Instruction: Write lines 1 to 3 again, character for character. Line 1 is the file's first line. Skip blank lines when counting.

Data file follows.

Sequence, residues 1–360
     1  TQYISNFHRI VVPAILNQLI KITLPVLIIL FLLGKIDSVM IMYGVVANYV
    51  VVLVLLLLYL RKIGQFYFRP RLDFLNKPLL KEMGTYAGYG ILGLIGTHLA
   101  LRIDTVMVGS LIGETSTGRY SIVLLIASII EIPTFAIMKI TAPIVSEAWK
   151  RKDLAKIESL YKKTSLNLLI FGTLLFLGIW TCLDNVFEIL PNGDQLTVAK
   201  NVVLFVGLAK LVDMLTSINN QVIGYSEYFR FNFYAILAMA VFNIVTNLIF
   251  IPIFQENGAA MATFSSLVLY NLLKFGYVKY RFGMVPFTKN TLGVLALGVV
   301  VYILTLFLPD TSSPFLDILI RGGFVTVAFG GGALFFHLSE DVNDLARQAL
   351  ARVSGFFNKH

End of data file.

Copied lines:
Sequence, residues 1–360
     1  TQYISNFHRI VVPAILNQLI KITLPVLIIL FLLGKIDSVM IMYGVVANYV
    51  VVLVLLLLYL RKIGQFYFRP RLDFLNKPLL KEMGTYAGYG ILGLIGTHLA